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The LM relation

The downward sloping money demand curve can be written like this: \frac {M}{P}=YL(i). What this means is real money balances = the level of income (Y) in the economy multiplied by the liquidity preference (L). The liquidity preference is basically the steepness of the curve, it shows how much people prefer to hold bonds (or other illiquid assets) rather than money, at a higher interest rate, if the liquidity preference schedule is steep then it means demand for money is less elastic with respect to interest rate, if it is fairly flat then it means demand for money is elastic with respect to interest rate (ie a small fall in interest rate means a large increase in the amount of money people want to hold rather than holding bonds). The reason there is an (i) in brackets after the L means that liquidity preference is a function of i, the nominal interest rate. It will of course depend negatively on i, because the higher the interest rate, the lower is M.

Money supply and demand

L(i) determines the steepness of the curve, and Y determines where the curve is, if you increase Y, then you push the whole curve up. This is the principle behind the LM relation. We can basically think of a relationship between i, the nominal interest rate, and Y, the level of income in the economy. As Y increases, then you shift up the money demand curve, so if you keep the money supply constant (the vertical line) then the point of intersection on the diagram is higher. This means that the new interest rate which brings the money market into equilibrium (money supply = money demand) is higher. So if money supply is constant, increasing Y means you get an increase in i; decreasing Y means you get a decrease in i. This is the LM relation – and it is upward sloping:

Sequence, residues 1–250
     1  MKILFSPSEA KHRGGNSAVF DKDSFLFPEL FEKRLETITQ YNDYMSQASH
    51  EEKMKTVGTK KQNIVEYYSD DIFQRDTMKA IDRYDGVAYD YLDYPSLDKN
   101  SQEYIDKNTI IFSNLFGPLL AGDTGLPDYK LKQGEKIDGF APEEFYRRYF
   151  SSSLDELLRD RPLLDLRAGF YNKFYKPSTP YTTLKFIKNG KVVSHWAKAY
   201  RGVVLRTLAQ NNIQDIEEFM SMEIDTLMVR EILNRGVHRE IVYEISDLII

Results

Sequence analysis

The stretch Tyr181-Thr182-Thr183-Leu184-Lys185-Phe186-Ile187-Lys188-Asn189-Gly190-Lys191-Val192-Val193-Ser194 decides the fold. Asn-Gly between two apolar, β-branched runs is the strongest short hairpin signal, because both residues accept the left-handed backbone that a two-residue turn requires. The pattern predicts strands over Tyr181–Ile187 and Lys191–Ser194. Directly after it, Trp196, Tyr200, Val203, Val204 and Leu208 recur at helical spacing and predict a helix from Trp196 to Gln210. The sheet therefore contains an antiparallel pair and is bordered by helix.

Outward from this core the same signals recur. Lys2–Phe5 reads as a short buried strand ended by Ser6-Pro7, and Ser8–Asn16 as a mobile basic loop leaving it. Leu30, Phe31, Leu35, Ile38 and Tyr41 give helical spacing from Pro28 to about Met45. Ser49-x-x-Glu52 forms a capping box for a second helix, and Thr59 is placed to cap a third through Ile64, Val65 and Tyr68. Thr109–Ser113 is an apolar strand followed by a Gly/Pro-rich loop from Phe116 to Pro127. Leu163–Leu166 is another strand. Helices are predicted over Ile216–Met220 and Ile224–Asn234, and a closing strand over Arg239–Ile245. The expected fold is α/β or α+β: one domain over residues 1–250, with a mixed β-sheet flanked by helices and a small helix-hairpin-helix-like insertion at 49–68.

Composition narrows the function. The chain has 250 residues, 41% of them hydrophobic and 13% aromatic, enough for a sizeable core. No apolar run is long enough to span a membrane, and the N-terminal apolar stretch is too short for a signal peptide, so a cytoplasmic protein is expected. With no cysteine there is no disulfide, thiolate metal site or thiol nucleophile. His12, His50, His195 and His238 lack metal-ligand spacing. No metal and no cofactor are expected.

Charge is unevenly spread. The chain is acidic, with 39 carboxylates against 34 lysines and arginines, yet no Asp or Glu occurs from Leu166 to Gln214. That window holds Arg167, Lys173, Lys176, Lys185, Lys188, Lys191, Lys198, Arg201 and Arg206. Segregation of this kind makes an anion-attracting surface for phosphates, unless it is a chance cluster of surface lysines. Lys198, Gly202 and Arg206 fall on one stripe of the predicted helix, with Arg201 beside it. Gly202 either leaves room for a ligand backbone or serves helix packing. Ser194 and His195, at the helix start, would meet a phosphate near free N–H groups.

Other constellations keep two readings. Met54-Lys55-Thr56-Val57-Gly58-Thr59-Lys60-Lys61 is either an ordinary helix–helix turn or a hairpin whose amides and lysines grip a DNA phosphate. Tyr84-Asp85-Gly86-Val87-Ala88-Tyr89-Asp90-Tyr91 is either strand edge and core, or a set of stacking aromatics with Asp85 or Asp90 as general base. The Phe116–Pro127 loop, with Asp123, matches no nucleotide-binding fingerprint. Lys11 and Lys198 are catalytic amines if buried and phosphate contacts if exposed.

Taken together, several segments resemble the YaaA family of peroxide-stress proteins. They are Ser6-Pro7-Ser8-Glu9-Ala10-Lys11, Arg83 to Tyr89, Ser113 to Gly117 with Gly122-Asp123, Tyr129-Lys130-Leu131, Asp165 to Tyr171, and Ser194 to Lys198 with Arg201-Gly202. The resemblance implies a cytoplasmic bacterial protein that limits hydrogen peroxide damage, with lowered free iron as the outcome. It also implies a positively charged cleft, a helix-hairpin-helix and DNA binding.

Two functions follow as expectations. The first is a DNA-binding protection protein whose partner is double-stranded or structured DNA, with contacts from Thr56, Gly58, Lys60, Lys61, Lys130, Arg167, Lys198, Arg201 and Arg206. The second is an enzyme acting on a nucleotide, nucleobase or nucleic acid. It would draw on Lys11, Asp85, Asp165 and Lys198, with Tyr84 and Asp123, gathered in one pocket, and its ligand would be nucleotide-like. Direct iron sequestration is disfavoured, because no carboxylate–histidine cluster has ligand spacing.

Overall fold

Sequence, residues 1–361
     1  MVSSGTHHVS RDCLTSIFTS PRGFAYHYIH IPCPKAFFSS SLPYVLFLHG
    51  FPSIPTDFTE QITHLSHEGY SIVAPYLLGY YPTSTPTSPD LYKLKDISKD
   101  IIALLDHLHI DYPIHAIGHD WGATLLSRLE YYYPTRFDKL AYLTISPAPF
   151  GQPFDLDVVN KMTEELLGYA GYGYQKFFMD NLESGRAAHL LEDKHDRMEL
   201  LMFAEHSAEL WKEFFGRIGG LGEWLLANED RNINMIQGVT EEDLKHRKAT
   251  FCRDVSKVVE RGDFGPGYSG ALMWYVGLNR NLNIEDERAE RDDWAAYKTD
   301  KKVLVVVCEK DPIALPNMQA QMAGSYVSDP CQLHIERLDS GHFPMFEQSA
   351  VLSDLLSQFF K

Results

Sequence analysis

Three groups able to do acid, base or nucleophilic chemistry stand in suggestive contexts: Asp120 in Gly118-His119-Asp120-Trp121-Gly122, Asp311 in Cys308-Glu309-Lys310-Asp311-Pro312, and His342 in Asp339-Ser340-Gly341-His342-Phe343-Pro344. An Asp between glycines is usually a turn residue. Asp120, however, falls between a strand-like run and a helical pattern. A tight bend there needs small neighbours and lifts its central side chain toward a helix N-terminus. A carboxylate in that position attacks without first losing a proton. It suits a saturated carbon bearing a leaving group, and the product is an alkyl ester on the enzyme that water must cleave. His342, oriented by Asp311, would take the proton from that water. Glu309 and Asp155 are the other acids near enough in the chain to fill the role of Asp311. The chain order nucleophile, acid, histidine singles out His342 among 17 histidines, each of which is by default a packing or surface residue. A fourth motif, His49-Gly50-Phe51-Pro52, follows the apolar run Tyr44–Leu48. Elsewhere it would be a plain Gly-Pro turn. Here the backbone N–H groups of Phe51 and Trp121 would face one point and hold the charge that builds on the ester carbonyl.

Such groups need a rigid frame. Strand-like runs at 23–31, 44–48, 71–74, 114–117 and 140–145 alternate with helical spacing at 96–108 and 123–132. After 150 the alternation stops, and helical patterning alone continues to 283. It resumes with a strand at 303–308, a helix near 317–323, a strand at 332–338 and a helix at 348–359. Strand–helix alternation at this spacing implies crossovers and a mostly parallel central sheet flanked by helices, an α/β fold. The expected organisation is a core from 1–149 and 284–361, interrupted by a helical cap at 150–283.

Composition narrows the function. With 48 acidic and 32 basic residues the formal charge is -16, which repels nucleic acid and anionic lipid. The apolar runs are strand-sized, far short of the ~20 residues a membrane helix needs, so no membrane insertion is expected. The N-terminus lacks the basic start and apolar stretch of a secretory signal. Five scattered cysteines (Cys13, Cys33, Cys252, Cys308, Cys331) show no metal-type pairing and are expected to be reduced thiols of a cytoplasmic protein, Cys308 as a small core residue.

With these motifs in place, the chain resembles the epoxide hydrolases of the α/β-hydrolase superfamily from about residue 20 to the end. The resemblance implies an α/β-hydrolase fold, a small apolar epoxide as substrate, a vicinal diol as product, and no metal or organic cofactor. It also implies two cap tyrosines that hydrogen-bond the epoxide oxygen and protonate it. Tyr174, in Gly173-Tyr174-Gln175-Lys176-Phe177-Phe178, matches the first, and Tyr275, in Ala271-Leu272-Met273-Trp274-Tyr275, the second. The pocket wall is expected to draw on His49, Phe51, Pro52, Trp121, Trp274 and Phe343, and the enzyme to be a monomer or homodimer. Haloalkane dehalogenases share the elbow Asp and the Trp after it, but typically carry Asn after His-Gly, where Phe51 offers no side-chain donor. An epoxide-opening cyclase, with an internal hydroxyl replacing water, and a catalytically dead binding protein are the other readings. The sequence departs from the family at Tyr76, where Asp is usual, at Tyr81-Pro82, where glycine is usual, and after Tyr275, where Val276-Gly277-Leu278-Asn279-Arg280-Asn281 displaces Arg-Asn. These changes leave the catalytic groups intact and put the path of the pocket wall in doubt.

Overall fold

Think of movements along the LM curve as being what happens when you shift money demand curve up and down in the money supply/money demand diagram. Higher Y means money demand shifts up so you get higher i in equilibrium, that’s a movement up the LM curve.

What shifts the LM curve up or down is movements in the money supply curve. If you shift the money supply curve out (to the right) on the money supply/money demand diagram then you will get a lower i in equilibrium, at all levels of income, that’s the equivalent to shifting the LM curve down. If you shift the money supply curve in (to the left) on the money supply/money demand diagram then you will get a higher i in equilibrium at all levels of income, that’s the equivalent to shifting the LM curve up.

Remember that prices also affect the position of the money supply curve, because we are thinking about real money balances (M/P). As P is on the denominator, an increase in P makes (M/P) smaller, so an increase in P (rising prices) has the same effect as a decrease in M (reducing nominal money supply), so it moves the money supply curve to the left.

So to sum up:
The LM curve is upward sloping, as income in the economy increases, the interest rate increases
The LM curve shifts down when there is an increase in nominal money supply (a monetary expansion) or a fall in prices (rare!)
The LM curve shifts up when there is a reduction in the nominal money supply (a monetary contraction) or a rise in prices (inflation)

The Central Bank can stop inflation from pushing the LM curve up and increasing interest rates, by increasing nominal money supply in a proportionate amount that keeps (M/P) constant when P is rising.

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Categories: ISLM, Macro, Money
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